Pseudorandom numbers from any other desired distribution may be generated from the [0,1) real uniformly distributed pseudorandom numbers by applying the inverse cumulative distribution function of the distribution required. If y_{i} = F^{1}(x_{i}), the {y_{i}} form a set of pseudorandom numbers taken from the distribution for which F is the cumulative distribution function. In cases where the inverse cumulative distribution function is not known explicitly, but the cumulative distribution function is known, the inverse can be found implicitly by solving F(y_{i}) = x_{i}, where x_{i} is the generated uniformly distributed pseudorandom number between 0 and 1. As F is monotonic, a bisection algorithm can be used; in the case where F is strictly monotonic and differentiable, Newton’s method can be used also.
If you do not understand what all this means, you probably should not attempt to do anything with pseudorandom numbers until you do understand what all this means.
Load the programs RANDOMNU, RANDSEQ, VRPRE, VRSAVFJ, and VRRESFJ.
If you want to use random numbers in a program, you must first ensure the program VRPRE is invoked. Then you must put an initial (“seed”) value in A and call RANDOMNU repeatedly. Each call to RANDOMNU replaces the value in A with the pseudorandom number next in the sequence. You can transform the 10digit uniformly distributed pseudorandom integers as described in Distribution Transformations above.
The program RANDSEQ uses the program RANDOMNU to generate pseudorandom integers between 0 (inclusive) and 10^{10} (exclusive). It prompts for an initial number with the message:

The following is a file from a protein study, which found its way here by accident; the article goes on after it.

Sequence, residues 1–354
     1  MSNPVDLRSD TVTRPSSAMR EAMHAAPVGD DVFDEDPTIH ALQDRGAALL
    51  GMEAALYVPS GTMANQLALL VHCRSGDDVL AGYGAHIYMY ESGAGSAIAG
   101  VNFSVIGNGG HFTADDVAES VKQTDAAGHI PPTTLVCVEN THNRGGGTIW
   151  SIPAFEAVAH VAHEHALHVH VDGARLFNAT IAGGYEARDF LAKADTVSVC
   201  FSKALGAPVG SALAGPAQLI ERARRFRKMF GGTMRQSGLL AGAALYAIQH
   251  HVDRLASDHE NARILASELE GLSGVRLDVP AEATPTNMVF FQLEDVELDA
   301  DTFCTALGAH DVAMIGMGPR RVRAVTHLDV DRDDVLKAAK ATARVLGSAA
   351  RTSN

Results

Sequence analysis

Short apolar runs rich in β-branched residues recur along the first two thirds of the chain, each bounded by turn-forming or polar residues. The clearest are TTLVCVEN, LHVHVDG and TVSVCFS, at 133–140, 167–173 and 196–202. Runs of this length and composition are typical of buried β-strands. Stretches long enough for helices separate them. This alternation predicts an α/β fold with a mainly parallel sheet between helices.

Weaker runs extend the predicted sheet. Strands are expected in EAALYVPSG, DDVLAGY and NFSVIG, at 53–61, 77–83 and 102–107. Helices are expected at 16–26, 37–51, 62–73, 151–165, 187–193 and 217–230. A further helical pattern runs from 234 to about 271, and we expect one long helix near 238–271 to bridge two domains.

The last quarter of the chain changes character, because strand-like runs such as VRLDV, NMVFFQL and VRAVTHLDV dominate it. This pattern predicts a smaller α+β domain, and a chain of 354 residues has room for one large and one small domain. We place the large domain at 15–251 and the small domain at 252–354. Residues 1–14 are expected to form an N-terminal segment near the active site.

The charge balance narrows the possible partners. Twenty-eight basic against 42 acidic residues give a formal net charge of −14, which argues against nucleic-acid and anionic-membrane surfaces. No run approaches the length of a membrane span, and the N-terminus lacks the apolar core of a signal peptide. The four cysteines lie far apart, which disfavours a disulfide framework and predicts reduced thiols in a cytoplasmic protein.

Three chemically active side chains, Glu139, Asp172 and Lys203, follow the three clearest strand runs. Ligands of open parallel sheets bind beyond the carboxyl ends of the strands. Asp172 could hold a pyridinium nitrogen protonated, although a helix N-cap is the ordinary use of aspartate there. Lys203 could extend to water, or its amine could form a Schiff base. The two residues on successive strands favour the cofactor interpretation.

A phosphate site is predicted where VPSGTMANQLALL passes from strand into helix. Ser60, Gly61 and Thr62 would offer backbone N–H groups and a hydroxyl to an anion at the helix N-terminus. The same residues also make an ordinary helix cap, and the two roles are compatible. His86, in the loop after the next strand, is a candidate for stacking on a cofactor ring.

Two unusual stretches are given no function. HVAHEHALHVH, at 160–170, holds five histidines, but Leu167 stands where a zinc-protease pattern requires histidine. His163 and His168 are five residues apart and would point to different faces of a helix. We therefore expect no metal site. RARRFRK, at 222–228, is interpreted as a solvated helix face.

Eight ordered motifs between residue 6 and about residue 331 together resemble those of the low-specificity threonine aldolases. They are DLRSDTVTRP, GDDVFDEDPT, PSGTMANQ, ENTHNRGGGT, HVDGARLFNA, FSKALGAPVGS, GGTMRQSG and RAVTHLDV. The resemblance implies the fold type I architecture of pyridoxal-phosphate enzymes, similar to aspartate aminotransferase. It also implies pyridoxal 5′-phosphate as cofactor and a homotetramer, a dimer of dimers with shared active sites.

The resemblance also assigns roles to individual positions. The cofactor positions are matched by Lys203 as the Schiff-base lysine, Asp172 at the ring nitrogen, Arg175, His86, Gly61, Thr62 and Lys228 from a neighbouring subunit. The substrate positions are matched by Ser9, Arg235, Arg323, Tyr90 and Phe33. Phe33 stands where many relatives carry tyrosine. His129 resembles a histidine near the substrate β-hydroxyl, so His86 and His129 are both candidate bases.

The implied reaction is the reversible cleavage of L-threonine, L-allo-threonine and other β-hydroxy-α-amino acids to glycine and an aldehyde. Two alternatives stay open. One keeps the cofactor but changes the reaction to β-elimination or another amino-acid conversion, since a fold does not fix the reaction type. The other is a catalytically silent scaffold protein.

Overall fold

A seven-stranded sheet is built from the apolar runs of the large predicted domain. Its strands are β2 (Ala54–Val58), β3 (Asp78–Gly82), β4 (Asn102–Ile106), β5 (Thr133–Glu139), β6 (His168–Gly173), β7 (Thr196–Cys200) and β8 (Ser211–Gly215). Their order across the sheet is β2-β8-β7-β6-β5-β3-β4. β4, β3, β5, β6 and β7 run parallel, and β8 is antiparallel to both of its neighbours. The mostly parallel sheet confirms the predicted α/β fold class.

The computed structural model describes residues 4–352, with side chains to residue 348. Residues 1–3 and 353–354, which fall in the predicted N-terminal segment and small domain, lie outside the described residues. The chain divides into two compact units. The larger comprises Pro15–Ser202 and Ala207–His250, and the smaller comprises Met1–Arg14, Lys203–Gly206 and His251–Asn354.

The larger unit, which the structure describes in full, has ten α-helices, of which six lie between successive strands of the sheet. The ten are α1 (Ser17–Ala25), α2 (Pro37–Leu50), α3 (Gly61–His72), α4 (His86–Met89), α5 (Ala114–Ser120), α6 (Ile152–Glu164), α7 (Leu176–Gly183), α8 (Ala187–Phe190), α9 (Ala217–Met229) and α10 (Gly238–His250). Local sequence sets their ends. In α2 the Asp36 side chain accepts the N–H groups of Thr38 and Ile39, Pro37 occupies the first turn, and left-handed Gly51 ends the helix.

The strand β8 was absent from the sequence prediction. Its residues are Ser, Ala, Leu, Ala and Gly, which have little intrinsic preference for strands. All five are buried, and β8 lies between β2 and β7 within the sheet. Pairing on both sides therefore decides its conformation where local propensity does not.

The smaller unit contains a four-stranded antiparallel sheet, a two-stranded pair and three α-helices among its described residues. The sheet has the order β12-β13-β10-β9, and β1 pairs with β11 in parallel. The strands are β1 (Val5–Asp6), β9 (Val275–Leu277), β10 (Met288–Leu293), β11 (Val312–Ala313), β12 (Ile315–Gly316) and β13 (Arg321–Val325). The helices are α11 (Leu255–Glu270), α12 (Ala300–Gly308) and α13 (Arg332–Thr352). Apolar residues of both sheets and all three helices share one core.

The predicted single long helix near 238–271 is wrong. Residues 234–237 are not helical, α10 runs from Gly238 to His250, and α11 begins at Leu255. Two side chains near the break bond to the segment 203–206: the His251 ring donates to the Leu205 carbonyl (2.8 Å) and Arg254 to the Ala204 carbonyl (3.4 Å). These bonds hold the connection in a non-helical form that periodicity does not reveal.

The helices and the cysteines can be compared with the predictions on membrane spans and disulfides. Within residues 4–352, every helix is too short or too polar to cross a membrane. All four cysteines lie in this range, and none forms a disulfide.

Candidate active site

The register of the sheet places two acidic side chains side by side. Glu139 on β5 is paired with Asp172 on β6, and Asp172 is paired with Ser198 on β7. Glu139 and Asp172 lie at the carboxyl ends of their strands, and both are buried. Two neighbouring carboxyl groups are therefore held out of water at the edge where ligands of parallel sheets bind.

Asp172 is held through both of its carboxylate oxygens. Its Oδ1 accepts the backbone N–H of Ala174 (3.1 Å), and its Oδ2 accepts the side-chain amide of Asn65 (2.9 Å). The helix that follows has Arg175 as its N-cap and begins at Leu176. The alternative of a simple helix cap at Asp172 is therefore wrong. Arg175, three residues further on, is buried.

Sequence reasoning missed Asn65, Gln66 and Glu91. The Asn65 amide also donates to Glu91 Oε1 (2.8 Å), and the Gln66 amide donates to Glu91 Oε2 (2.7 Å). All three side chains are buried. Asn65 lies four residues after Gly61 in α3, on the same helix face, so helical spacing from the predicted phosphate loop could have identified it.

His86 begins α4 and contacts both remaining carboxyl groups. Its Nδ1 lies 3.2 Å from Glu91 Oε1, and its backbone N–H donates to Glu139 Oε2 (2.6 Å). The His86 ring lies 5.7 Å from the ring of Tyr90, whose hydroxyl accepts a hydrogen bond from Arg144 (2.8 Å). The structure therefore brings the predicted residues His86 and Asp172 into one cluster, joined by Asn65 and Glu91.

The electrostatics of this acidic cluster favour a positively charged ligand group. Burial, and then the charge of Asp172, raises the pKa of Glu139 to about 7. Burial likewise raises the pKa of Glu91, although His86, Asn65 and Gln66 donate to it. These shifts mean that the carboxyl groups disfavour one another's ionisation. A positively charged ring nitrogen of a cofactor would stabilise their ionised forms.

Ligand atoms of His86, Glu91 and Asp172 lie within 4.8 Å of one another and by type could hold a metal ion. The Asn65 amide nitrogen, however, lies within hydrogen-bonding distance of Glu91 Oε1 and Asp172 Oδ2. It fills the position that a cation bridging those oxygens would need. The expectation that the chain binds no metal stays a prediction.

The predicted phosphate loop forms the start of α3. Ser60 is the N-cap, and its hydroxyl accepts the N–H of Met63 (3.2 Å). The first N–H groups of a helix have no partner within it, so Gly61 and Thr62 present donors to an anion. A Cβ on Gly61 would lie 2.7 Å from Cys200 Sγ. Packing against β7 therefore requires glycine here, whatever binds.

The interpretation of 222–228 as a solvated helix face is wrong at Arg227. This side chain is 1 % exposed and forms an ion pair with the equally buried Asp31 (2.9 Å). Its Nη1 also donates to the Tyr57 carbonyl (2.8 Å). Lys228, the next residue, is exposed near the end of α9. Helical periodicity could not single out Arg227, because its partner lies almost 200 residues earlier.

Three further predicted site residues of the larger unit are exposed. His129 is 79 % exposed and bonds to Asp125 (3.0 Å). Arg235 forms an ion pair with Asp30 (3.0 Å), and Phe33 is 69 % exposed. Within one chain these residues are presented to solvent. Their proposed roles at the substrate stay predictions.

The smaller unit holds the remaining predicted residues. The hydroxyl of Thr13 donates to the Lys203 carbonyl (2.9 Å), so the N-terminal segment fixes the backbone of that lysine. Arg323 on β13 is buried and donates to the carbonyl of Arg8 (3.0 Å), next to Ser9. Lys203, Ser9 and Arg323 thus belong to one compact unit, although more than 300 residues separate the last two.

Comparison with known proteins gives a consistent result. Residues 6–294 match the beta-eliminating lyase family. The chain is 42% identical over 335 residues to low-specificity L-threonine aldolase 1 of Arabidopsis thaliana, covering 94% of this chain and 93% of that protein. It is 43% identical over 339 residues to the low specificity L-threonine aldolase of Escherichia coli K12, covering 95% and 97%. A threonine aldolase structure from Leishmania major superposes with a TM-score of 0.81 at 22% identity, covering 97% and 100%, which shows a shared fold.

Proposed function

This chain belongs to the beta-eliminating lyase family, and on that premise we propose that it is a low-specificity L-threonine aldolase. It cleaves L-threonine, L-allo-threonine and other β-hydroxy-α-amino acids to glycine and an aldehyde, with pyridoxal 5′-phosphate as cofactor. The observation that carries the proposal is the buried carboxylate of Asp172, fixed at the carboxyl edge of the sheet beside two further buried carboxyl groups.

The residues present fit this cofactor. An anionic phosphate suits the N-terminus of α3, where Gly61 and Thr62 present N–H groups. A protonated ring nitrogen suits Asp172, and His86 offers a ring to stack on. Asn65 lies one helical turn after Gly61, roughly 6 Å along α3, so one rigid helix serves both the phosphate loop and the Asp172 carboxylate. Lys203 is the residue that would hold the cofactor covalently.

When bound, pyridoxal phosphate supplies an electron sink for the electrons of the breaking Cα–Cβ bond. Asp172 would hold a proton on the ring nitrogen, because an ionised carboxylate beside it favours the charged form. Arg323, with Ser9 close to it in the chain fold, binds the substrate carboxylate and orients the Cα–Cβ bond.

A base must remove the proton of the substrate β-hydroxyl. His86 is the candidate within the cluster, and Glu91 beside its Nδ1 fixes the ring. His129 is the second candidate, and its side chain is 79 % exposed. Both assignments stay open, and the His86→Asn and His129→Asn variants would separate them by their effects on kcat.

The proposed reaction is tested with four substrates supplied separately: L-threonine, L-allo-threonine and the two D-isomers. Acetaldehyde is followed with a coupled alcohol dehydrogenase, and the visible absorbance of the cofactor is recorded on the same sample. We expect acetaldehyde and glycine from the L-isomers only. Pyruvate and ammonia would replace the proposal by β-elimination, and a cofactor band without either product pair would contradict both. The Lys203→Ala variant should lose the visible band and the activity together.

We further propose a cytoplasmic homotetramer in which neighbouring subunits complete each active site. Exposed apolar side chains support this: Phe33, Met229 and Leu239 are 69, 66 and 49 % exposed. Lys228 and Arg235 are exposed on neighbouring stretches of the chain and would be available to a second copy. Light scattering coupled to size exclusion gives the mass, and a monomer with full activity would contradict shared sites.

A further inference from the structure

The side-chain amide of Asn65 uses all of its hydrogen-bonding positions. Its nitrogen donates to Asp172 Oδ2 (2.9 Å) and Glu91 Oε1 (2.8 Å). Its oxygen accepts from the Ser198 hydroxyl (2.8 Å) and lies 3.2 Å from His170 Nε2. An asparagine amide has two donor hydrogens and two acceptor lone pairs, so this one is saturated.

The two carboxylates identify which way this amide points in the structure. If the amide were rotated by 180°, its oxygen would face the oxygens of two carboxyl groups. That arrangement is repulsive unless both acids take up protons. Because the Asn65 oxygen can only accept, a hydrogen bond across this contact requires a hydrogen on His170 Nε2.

Seed?
Enter an initial number to start the pseudorandom number generator. RANDSEQ generates the next pseudorandom number in the sequence and displays it. When you press EXE, RANDSEQ generates another number and displays it.
The program is available as a text file with .CAT contents, or may be entered as shown below. A semicolon (“;”) marks the beginning of a comment, and is not to be entered into the calculator. Remember that these programs are copyrighted; see the copyright issues page for limitations on redistribution.
Program RANDOMNU (150 bytes);
; Program RANDOMNU ; ; Description: ; Generates the next pseudorandom number in a sequence of affine ; pseudorandom numbers. ; ; Variables: ; A: On entry, the previous entry in the sequence. On exit, the next ; entry in the sequence. ; F: Half of the double precision product and sum ; ; Calling sequence: ; {previous value}>A ; Prog "RANDOMNU" ; B>{next value} ; ; Implicit inputs: ; List 6: the variable save stack. ; Z: the stack pointer for the variable save stack. ; ; Implicit outputs: ; List 6: the variable save stack. ; Z: the stack pointer for the variable save stack. ; ; Side effects: ; None. ; ; Symbols used: ; > is assignment arrow ; EE is EXP key ; / is division operator Prog "VRSAVFJ" Abs Int A>F 65747Int (F/1EE5)+951(F1EE5Int (F/1EE5))>G 1EE5(G1EE5Int (G/1EE5))>G 65747(F1EE5Int (F/1EE5))+G+198461>G G1EE10Int (G/1EE10)>A Prog "VRRESFJ"
Program RANDSEQ (56 bytes):
; Program RANDSEQ ; ; Description: ; Generates a sequence of pseudorandom numbers based on an initial ; seed value. ; ; Variables: ; A: The seed or previous pseudorandom number, passed to RANDOMNU. ; The next pseudorandom number, returned from RANDOMNU. ; ; Calling sequence: ; None; main program ; ; Implicit inputs: ; None. ; ; Implicit outputs: ; List 6: the variable save stack. ; Z: the stack pointer for the variable save stack. ; ; Side effects: ; None. ; ; Symbols used: ; > is assignment arrow ; _ is display triangle Prog "VRPRE" ; Initialize variable save stack "Seed"?>A ; Get seed into A While 1 ; Infinite loop Prog "RANDOMNU" ; Get the next random number A_ ; Show it WhileEnd ; [End of infinite loop]
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Copyright © 2001 Brian Hetrick
Page last updated 5 May 2002.